Ukraine, Russian journalists share struggles of wartime reporting
UConn students are invited to attend a free virtual discussion at 11 a.m. ET on March 2 with Russian and Ukrainian journalists to discuss the ongoing challenges to their work. The journalists will discuss their daily struggles under fire, threats from the Russian government, and efforts to seek asylum abroad and maintain a journalism practice.
The online event is hosted by the National Press Club’s Press Freedom Committee and the National Press Club Journalism Institute.
One year into Russia’s full-scale war of aggression against Ukraine, journalists in both countries have responded valiantly in insisting on their right to provide independent, accurate, and piercing news coverage that serves the public’s interests.
As so many of the region’s journalists have pushed themselves to the limit in covering the war and its many ramifications, the physical, mental, and emotional toll is growing. Ukrainian journalists have worked to provide coverage of the war’s ruinous impacts on their communities despite risks to their personal safety, emotional trauma, and uncertain financial prospects. And Russian journalists have made the difficult decision to leave their families, flee Russia, and make a new life abroad rather than submit to the Kremlin’s propaganda machine demands.
Elizaveta Kirpanova, who worked as a special reporter of the Russian independent newspaper “Novaya Gazeta” for the past five years. In her articles, she covered problems in health care, education system, charity, and immigration. The Russian government recently revoked the newspaper’s media license for its position on the war in Ukraine.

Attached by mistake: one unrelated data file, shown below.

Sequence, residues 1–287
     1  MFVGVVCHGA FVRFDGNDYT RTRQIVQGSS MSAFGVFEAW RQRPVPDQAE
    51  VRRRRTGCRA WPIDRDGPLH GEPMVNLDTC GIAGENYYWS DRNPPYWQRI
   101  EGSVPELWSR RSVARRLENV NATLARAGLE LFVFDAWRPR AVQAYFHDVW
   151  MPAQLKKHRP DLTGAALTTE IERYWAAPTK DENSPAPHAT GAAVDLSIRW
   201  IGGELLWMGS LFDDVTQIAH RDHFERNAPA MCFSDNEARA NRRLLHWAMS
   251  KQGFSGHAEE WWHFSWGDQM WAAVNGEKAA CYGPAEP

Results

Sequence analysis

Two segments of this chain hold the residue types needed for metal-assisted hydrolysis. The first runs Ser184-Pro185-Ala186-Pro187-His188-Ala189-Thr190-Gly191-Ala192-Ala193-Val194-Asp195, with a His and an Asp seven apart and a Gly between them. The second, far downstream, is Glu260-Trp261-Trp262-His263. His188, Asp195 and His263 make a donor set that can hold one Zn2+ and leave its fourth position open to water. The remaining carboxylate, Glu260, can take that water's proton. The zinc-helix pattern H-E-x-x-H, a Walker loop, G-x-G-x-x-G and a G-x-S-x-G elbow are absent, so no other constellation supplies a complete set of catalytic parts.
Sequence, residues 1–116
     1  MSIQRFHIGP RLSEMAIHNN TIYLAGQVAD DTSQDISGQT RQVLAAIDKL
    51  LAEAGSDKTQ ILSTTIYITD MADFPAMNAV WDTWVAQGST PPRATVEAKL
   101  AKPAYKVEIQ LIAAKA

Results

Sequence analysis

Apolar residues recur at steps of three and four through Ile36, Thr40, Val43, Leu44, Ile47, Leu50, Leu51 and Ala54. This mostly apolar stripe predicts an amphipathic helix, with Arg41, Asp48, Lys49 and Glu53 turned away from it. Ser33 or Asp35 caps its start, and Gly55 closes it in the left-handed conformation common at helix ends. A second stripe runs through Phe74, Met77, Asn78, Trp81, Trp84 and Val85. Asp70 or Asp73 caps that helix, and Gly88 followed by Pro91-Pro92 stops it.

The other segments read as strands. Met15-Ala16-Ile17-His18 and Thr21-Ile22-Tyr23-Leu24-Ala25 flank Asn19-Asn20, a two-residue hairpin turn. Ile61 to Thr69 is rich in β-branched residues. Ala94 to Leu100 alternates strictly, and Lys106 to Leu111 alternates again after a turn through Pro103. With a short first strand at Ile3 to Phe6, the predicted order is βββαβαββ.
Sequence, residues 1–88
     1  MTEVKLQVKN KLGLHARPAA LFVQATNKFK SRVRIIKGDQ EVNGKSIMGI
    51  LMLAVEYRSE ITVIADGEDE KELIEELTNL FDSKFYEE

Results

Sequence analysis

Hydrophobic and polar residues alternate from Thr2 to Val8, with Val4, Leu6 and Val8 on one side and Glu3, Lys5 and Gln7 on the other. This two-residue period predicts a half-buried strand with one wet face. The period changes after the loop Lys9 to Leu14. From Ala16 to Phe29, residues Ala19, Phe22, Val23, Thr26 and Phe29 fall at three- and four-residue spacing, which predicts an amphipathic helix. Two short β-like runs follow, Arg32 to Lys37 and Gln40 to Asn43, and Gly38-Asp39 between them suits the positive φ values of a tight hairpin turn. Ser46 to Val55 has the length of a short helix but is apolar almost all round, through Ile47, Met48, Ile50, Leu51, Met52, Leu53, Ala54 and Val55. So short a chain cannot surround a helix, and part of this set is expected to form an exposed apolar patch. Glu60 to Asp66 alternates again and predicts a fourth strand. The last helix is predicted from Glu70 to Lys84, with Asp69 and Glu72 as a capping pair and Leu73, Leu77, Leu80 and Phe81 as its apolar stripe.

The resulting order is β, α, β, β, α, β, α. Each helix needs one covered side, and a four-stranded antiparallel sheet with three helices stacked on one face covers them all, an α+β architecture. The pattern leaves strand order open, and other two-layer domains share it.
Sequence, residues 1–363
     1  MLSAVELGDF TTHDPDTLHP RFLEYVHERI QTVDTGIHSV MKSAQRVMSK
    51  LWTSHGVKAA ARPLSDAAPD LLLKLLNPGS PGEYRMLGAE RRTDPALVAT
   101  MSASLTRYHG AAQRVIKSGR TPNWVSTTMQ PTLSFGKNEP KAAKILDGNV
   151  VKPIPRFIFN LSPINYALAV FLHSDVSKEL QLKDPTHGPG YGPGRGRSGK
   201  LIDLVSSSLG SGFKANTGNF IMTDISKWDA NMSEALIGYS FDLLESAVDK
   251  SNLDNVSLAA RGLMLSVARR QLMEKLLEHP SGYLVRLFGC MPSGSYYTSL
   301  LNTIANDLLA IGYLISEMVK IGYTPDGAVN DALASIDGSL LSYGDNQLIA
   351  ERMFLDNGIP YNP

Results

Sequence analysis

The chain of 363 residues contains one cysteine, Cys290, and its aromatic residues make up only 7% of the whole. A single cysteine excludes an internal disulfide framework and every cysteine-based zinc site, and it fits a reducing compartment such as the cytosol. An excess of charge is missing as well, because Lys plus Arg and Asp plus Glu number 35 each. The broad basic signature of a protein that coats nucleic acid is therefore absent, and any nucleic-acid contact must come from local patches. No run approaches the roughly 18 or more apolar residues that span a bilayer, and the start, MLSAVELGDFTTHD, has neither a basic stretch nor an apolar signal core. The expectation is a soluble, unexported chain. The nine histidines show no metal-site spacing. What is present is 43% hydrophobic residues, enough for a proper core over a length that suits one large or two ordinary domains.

Olga Rudenko, the editor in chief of The Kyiv Independent. Prior to 2022, she was the Managing Editor of The Kyiv Post.
Anastasia Tishchenko, a human rights reporter and news presenter with Radio Svoboda, RFE/RL’s Russian Service based in Prague since 2021. She joined RFE/RL in Moscow in 2017 as a reporter covering the deteriorating rights situation in Russia. She also has spent significant time in Ukraine.
Jessica Jerreat, who leads Voice of America’s award-winning press freedom coverage, will moderate the discussion. With a background in press freedom and international news, Jerreat has worked for organizations including the New York-based Committee to Protect Journalists and The Times of London. She has a master’s degree in War, Media, and Society from the University of Kent at Canterbury, with a focus on propaganda, the press, and conflict.